The Giro Ventana Fastlace is a clipless off-road shoe that works excellently whether you're a gravel rider or a light trail smasher. While it makes for a comfortable, cool summer choice that’s easy to get on and off, the tread isn’t grippy enough for the mixed conditions of the equally mixed UK weather – this really is a summer-only gravel bike shoe.
The Specialized Recon 1.0 mountain bike shoe is a versatile and lightweight trail shoe that happily takes on gravel riding, too. Utilising a velcro-only retention system, the Recons are good fitting and provide all-day comfort. If you're looking for an affordable shoe armed with enough credibility to tackle off-road riding than the Specialized Recon 1.0 shoe is definitely worth a look.
Following on from the release of its GRX groupset, Shimano has continued down the gravel route with these new Shimano RX8 SPD shoes. A stiff, lightweight-yet-rugged shoe, it blends a super-stiff sole with the a tread base that will help in situations where riders need to dismount and walk. Despite the hefty price tag, they are perfectly capable on road as they are off-road, and are one of our favourites in the best gravel bike shoe category.
The Scott MTB Comp Boa Reflective shoes are a new version of Scott’s well-priced MTB Comp Boa shoes, helping you be seen in the dark while not looking out of place on daytime rides. Available for both men and women, the shoes are good value and have proved to be a hardy gravel and cross-country shoes. As with a number of the options listed they're able to double up for gravel bike use, the Scott MTB Comp Boa Reflective shoes represent superb value for money.
Quoc’s Gran Tourer is a unique-looking lace-up gravel, touring and adventure shoe. It’s a stylish design, there's a slight pattern to the dark grey upper that contrasts nicely with the traditional rubber-coloured sole and the protective black bumper. While not cheap, they do repay with superb comfort while perfectly up for the task when you need to put down the power and feel the need for speed.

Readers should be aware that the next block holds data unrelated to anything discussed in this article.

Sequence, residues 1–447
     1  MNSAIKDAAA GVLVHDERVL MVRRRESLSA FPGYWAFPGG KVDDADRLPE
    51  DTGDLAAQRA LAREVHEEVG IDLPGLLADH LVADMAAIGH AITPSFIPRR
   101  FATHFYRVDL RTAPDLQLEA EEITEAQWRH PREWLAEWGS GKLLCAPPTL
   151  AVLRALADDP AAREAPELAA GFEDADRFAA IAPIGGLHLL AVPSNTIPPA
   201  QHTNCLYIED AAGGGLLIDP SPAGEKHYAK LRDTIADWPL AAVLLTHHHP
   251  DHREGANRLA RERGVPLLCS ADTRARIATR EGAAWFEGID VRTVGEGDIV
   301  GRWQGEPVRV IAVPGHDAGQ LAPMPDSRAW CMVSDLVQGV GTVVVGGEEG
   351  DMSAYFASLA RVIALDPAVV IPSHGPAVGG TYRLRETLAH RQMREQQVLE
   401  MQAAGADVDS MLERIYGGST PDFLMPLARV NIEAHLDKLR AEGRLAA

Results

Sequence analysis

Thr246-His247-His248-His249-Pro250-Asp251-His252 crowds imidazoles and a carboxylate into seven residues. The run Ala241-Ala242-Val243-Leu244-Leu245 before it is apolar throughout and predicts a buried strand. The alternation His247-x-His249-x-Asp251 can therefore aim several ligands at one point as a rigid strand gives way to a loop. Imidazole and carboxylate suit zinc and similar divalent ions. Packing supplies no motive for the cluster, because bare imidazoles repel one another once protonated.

The Specialized S-Works Recon shoes provide stunning performance and first-class fit, which makes them ideally suited to fast-paced and demanding mountain bike, gravel and adventure cyclists. They don’t come cheap, but if you can afford them, they are probably one of the best gravel bike shoes available right now.
Fizik's X5 Terra is a stylish, sleek and comfortable shoe with a sole that is stiff enough for big power efforts yet still comfortable on long rides. They’re slightly narrow, but the upper forms well to the foot and they're pretty durable, too. We suggest trying them on before making the purchase. That said, they're one of our favourite options in the category.
The Giro Empire blueprint has proved successful for the American brand across all cycling disciplines. The shoe borrows all the best bits from the road-specific option - so it's incredibly comfortable and supportive yet stiff enough for efficient pedalling without killing your feet. Factor in the ventilation levels, durable nature and ultra-stylish aesthetics and there's a lot to like here.